Looks quiite threatening, doesn’t it, this snowblower?!
The front of this engine does look somewhat like a human face, doesn’t it. It reminds me of the movie „Silver Streak“, when, at the end, after the run-away engine has broken through a wall and come to a halt in the hall of the Chicago railway station, Grover T. Muldoon [played by Richard Pryor] comments that it looks like the locomotive is actually grinning.
Well, I know that the „Puffing Billy“ was quite a different locomotive, but I think the name would have been appropriate here, too – judging by the looks of that engine, which, btw, is propelled not by steam created with a fire inside the engine, but by compressed air in its huge tank. This makes it safe in an environment with fuels, as it wa used by the Standard Oil Company.
Doesn’t it really look quite like it?
From the railroad museum’s website: „M&PP No. 1 is a unique locomotive specially designed to climb steep mountain slopes with grades up to 25 percent. The underside is equipped with a toothed cog wheel. As the wheel turns, it connects to a stationary rack rail in the track, thus helping to pull a train up the mountain or provide braking on the way down.“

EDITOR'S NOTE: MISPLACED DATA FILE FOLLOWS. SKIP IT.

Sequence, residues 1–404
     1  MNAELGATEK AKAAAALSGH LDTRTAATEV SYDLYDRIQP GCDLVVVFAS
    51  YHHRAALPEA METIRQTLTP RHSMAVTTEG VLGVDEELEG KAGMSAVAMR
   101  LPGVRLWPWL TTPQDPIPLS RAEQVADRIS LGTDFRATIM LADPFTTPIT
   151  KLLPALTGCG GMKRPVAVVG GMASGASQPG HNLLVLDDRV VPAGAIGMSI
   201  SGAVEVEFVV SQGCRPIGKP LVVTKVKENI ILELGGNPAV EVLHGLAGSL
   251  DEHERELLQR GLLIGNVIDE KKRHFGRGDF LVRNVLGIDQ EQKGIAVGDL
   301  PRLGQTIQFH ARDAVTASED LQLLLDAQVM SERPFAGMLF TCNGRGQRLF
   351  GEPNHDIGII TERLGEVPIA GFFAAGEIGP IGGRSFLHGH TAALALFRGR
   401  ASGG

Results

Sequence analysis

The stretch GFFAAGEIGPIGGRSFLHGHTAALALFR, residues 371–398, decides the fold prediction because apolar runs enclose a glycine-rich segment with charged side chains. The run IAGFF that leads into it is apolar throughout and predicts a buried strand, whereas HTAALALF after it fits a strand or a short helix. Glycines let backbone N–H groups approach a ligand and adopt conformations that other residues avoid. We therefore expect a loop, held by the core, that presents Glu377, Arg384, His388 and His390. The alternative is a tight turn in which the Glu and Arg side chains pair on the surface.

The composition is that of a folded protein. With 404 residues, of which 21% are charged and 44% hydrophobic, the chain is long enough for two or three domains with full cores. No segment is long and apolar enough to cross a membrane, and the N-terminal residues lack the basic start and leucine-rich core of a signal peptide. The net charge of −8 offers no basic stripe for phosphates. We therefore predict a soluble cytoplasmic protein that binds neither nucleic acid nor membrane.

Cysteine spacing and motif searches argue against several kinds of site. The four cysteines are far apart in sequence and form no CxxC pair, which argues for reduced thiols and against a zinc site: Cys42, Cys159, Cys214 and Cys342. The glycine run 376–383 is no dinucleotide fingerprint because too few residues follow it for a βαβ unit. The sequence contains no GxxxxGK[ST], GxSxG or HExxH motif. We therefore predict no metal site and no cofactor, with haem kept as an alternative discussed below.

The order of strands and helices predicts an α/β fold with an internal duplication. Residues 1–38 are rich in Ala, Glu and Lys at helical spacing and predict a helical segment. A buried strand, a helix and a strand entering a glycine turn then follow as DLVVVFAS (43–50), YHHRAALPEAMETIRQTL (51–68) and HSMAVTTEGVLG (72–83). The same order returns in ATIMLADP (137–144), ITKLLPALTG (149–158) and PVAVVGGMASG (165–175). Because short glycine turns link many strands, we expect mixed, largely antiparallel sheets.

This time from a different perspective and in „natural“ colours.
This is Locomotive #683 – with two vintage railroad cars – of the Denver & Rio Grande Western Railroad at the Colorado Railroad Museum in Golden/CO. It was built in 1890 and in use for various railroad companies until 1956. It is the only surviving standard gauge locomotive of the D&RG.
A strange name for a strange vehicle:
According to Wikipedia, a „Galloping Goose“ is the popular name given to a (series of seven) railcar(s) built by the Rio Grande Southern Railroad in the 1930s, because at that time trains were too expensive to run on their minor lines. This one here can be seen at the Colorado Railroad Museum in Golden/CO. For enthusiasts: The Cumbres & Toltec Scenic Railroad still offers rides in Galloping Goose #5.